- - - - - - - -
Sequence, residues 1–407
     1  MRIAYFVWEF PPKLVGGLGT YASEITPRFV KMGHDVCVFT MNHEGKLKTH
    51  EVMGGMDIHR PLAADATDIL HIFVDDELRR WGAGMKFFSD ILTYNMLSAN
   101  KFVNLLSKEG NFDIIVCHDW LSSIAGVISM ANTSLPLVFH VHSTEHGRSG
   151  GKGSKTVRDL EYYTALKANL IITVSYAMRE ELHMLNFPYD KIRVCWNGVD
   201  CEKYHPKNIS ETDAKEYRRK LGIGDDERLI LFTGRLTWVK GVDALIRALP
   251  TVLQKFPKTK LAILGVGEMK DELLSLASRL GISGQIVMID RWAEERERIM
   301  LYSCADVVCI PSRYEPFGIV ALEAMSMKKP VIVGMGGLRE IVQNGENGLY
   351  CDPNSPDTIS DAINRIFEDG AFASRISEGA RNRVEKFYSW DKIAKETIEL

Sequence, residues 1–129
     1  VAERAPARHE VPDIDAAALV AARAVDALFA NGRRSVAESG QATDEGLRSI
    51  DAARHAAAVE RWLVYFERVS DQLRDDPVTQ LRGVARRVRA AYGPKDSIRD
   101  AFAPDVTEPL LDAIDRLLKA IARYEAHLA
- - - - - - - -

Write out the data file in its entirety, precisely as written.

Sequence, residues 1–407
     1  MRIAYFVWEF PPKLVGGLGT YASEITPRFV KMGHDVCVFT MNHEGKLKTH
    51  EVMGGMDIHR PLAADATDIL HIFVDDELRR WGAGMKFFSD ILTYNMLSAN
   101  KFVNLLSKEG NFDIIVCHDW LSSIAGVISM ANTSLPLVFH VHSTEHGRSG
   151  GKGSKTVRDL EYYTALKANL IITVSYAMRE ELHMLNFPYD KIRVCWNGVD
   201  CEKYHPKNIS ETDAKEYRRK LGIGDDERLI LFTGRLTWVK GVDALIRALP
   251  TVLQKFPKTK LAILGVGEMK DELLSLASRL GISGQIVMID RWAEERERIM
   301  LYSCADVVCI PSRYEPFGIV ALEAMSMKKP VIVGMGGLRE IVQNGENGLY
   351  CDPNSPDTIS DAINRIFEDG AFASRISEGA RNRVEKFYSW DKIAKETIEL

Sequence, residues 1–129
     1  VAERAPARHE VPDIDAAALV AARAVDALFA NGRRSVAESG QATDEGLRSI
    51  DAARHAAAVE RWLVYFERVS DQLRDDPVTQ LRGVARRVRA AYGPKDSIRD
   101  AFAPDVTEPL LDAIDRLLKA IARYEAHLA